Gumption is an old fashioned word, so it’s odd that it aptly fits the ongoing efforts of the squad behind Search & Restore, a new-fangled team of arts advocates bent on raising the visibility of new jazz and improvised music. With the much-anticipated relaunch of its Web site (www.searchandrestore.com), and the kick-off of its second major fundraising campaign, the S&R team, led by musician/organizer/entrepreneur Adam Schatz, is proving that their mission remains fueled by a blend of vision and effort.
The new searchandrestore.com is packed with the fruits of the organization’s 2011 labors. Last year, as reported by the New York Times, Wall Street Journal and other major publications, Schatz and company successfully reached their goal of raising $75K through Kickstarter. Their promise was to further their work by documenting a wealth of live performances by artists on the far-reaching New York jazz and improvisational music scene. They’ve done so; the new site holds terrific-looking concert clips by such innovative artists as Fred Hersch, Joe McPhee, Nels Cline, and Matthew Shipp. This kind of content, shot at clubs and music spaces around the city, brings immediacy to the listening experience. Devoted fans and newly interested viewers now have a much richer experience when it comes to understanding an artist’s latest moves.
It’s a really exciting feeling,” says Schatz. “Creating something that wasn’t there before is cool. Reaching audiences around the world who know the scene exists, but don’t know where to find out more about it, is a thrill. And so is the flip side: reaching all the people don’t even know this fantastic music exists in the first place.”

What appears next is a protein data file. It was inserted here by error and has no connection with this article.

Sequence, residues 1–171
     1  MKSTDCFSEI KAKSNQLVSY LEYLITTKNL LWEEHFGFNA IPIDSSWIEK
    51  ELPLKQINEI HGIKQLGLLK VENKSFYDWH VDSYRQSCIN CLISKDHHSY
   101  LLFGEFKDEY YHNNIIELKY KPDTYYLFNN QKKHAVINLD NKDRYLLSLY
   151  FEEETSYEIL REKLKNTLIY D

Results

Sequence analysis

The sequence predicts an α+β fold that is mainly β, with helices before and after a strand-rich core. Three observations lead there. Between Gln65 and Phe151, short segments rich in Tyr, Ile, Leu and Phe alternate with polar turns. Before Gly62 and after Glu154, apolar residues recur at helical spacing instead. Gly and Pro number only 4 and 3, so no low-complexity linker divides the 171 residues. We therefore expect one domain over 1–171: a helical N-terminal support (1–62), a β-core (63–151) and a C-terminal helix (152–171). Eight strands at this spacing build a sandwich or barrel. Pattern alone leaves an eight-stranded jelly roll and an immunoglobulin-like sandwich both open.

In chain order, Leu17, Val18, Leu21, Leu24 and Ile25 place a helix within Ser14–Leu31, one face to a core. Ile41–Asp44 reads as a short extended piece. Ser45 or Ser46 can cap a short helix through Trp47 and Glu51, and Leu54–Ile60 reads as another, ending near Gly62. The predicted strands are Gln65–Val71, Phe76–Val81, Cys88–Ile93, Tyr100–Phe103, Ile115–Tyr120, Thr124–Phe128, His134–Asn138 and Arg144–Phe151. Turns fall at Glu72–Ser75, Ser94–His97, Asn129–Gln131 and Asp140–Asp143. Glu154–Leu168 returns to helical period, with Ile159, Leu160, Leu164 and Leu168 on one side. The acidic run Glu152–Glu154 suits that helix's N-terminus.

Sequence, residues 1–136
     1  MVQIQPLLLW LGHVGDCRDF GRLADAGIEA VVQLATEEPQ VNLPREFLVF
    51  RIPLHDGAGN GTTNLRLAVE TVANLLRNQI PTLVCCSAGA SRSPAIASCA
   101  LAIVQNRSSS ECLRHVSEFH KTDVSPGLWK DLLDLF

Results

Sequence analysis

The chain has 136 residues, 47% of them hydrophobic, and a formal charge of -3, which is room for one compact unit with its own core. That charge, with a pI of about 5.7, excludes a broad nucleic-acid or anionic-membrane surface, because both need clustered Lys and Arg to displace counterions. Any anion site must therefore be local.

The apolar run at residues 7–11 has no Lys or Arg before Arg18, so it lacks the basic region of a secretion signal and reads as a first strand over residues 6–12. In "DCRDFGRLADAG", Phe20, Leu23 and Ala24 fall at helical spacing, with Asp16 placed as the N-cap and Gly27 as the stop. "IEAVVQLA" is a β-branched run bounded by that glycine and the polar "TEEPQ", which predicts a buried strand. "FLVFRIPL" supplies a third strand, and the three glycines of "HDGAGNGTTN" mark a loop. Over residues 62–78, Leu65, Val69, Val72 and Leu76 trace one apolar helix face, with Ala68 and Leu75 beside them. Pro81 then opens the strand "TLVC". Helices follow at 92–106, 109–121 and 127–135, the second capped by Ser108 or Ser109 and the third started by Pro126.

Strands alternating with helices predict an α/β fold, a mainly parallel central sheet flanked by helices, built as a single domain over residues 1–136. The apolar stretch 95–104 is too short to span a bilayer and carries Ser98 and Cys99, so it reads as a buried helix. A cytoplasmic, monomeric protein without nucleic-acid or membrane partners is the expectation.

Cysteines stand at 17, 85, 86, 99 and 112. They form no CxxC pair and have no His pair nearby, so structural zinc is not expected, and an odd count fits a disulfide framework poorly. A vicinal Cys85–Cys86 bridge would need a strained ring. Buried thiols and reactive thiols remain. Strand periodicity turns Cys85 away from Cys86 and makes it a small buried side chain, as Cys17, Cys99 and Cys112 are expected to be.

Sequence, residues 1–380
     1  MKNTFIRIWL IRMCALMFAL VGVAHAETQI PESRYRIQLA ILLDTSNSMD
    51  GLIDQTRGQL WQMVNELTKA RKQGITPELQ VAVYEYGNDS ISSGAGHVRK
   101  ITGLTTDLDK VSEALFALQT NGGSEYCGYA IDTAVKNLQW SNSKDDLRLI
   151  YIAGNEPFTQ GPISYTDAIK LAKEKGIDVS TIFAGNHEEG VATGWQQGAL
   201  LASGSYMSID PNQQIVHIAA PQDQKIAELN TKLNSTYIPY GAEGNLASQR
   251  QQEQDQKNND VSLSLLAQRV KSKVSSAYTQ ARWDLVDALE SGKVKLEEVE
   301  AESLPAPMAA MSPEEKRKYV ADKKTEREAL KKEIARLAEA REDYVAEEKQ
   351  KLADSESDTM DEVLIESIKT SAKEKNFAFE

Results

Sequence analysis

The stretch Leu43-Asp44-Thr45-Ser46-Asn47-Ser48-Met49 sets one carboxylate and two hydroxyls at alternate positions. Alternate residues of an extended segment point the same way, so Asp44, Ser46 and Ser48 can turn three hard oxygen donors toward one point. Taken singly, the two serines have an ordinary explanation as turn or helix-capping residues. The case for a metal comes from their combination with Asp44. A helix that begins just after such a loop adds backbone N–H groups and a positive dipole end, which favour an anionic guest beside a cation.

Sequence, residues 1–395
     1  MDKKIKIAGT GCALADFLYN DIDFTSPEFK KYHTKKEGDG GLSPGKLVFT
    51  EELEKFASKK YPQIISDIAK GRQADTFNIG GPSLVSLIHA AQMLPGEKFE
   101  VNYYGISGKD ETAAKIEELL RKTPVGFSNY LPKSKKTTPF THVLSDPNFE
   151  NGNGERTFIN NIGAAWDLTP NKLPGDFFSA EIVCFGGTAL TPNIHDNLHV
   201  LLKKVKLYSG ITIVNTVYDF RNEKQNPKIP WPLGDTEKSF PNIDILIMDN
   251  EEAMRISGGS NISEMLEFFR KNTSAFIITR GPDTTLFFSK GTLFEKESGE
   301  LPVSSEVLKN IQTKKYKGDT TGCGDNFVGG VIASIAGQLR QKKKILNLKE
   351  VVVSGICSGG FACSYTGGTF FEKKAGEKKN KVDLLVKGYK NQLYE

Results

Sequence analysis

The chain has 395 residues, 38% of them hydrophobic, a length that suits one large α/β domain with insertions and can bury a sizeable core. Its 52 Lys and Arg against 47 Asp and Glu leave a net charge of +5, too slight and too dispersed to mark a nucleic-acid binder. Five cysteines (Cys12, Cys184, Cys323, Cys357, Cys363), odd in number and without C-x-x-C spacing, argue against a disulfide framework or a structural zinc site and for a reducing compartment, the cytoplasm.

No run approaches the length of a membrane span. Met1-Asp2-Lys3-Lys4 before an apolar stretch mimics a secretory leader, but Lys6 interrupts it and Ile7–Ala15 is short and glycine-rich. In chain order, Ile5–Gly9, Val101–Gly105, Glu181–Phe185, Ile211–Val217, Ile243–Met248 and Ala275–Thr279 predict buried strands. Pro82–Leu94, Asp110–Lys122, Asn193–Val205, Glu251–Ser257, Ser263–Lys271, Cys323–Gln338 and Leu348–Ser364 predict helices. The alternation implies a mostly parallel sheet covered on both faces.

You can see a one-time-only ensemble of Uri Caine, Jenny Scheinman, Theo Bleckmann and Todd Sickafoose cross-weave all sorts of intricate lines during one of S&R's "Spontaneous Construction" evenings at the Blue Note - a marvel of improvisation. Over 50 high-def clips have been uploaded to individual artist pages, and more are on their way. In total, they help tell an increasingly nuanced story about how this music was made at the beginning of the new millennium.
Search & Restore wants to bring even more new listeners to the music in 2012. That’s why they’re announcing a fundraising campaign with specific donation goals. For 30 days, from November 15 to December 15, they’re seeking 8000 individual donors to participate by pledging $25 towards their mission.
Those who pledge will enjoy immediate premiums. Each day of the campaign will be sponsored by a discrete group of artists who’ll reward donations with a download of an original work. Further: Each day will see the premiere of a video featuring a short improvisation from each artist. It will also be that artist's day to explain the fundraiser to their fans, creating an inclusive and exponential approach towards fundraising and audience-identification.
The resultant $200K will be earmarked for the continuation of the video performance campaign and the Web site upkeep, as well as upgrades to the ongoing concert promotion efforts (S&R have a major hand in the Winter JazzFest and Undead Jazz Fest), the launching of a podcast interview series, the establishment of a “house concert series” that will offer refined audio and video aesthetics while providing unique concert intimacy, the formalization of publicity department, securing much-needed office space, and the establishment Each is a logical upgrade for a team bent on bringing the music to a larger population.
"We want to keep growing as fast as we have been, but we want to get it right - improve some of the structure," concludes Schatz. "The music, the musicians, and the audience deserves nothing less. I think at this point people understand what we're going for, and they want to participate on some level. The door is open right now."